SPOILER ALERT: This may just be the most unnecessary spoiler alert of any of my reviews to this point, simply because everyone already knows the story. However, I will discuss characters and some plot elements. I don't think reading this review prior to seeing the film will detract from the experience. However, if you'd like to go in with a blank slate, consider this your minor warning.
As the credits for The Star begin to roll, the movie's creators added in a message saying that they obviously took creative license with the Nativity story but they attempted to stay as close as possible to "the greatest story ever told." I think this is an important distinction at the outset, because we need to have an understanding of what we are asking from a film like this.
Are we asking for complete and utter adherence to the story as told in The Bible which he have heard countless times, or are we asking for a creatively constructed narrative that doesn't change the key elements but brings them to life in a new way? Personally, I would choose the latter, and I thought The Star walked this line brilliantly.
Basically, this film details the story of the animals in the stable at Jesus' birth in the days, weeks and months leading up to that momentous occasion. The main character is a mill donkey (voiced by Steven Yeun) who has no name at the beginning of the story. He wants to break out of his monotonous life with the ultimate dream of joining the royal caravan. He has a friend, a dove named Dave (voiced by Keegan-Michael Key), who pushes him to break out of the mill. Finally, he does so with some help from his elderly mill donkey companion (voiced by Kris Kristofferson). As you can probably guess, he finds his way to the house of Mary (voiced by Gina Rodriguez) and Joseph (voiced by Zachary Levi) who are soon to be married. The movie's opening scene lets us in on Mary's secret but, at this point, she hasn't told Joseph. Mary begins to care for the donkey who she names Boaz, Bo for short. Inevitably, Joseph notices Mary's baby bump, and she tells him what the angel proclaimed to her in the opening scene. She will give birth to the Son of God. Mary and Joseph decide to set out on their journey to Bethlehem, but they leave Bo behind.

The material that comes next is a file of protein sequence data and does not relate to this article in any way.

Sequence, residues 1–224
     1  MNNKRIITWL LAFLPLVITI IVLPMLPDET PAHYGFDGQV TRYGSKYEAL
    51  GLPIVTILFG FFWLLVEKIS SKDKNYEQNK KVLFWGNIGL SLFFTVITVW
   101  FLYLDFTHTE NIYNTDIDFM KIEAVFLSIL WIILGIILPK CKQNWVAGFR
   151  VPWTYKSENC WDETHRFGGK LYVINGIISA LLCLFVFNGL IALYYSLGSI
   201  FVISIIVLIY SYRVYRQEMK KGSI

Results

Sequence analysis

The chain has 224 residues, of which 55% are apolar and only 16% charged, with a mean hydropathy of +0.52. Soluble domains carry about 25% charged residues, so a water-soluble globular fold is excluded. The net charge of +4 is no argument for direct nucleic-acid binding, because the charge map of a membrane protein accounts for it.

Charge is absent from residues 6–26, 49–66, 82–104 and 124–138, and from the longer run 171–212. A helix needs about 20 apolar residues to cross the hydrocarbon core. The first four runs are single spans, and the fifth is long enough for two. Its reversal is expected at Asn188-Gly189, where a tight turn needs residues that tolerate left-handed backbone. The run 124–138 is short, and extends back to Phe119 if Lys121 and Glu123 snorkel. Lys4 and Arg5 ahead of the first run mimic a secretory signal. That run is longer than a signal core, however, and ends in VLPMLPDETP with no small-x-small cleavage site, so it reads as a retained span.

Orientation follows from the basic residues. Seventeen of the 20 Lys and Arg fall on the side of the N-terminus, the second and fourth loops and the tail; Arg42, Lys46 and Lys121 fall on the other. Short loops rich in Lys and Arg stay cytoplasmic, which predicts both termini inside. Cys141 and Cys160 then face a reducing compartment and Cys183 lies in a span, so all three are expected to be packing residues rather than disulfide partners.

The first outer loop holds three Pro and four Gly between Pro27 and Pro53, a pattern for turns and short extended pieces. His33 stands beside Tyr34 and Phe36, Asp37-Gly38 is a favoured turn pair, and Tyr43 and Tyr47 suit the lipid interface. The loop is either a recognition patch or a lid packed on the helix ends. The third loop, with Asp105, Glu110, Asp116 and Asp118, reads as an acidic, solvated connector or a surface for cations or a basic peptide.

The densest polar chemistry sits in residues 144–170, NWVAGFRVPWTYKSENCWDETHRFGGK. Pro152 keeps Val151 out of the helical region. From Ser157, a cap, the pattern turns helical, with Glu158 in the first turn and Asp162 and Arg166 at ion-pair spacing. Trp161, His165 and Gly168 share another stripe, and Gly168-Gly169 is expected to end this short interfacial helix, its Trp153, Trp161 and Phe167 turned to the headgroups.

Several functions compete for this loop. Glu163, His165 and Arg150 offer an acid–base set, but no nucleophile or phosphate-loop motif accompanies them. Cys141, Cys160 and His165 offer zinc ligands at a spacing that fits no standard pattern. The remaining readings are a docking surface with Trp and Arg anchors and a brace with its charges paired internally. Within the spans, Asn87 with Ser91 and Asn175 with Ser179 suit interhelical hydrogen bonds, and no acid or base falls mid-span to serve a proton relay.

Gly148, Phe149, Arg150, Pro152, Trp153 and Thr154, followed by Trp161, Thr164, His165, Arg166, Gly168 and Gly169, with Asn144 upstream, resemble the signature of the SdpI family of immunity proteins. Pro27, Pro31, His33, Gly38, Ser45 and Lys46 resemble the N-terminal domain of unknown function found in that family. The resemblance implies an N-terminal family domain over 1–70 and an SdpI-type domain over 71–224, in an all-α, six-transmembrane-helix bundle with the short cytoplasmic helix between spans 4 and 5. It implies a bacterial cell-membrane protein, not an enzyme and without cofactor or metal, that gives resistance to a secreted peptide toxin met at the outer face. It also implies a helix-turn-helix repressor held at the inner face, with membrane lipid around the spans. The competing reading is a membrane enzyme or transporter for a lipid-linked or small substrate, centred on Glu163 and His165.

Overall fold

Throughout the story, Bo wants to be a part of something big. At this point, he cannot fathom that anything "big" would happen in Nazareth. This brings up a good point on how carefully the movie's creators constructed their narrative. All the characters, especially Bo, make choices based upon what they want. Bo eventually sets off on the journey to go after Mary and Joseph, but he does so for reasons that make sense. Mary had helped care for him, and Bo realizes that he has brought danger upon her and her baby (in the form of two angry dogs named Thaddeus and Rufus voiced by Ving Rhames and Gabriel Iglesias). But more than anything, he thinks his "big thing" is out there somewhere. So he sets off on the road.
It would be easy in a film like this to simply have the characters make choices that fall in line with the story we all know - like some cosmic hand is guiding them like puppets into the actions described in The Bible. Instead, the characters in this film make choices that are true to their own nature for reasons that are clearly outlined in the development of their character. These choices do end up leading them into actions and situations outlined in Scripture, but it doesn't always happen in the way the character intends. THAT is good storytelling. It is especially important when dealing with a story as well-known as this one.
And of course we all know the Nativity story. Growing up in a Christian, Midwestern environment, I've even performed this story in childhood plays multiple times. I always find it fascinating when a director takes on a well-known story and tries to bring new life to it. That is exacerbated in this case because the story of Jesus' birth is held so dear by so many. An animated film dealing with this subject too lightly can easily fall into sacrilege. I never felt that from this film. It handled moments of importance with sincerity and reverence and saved the laughs for other points along the way.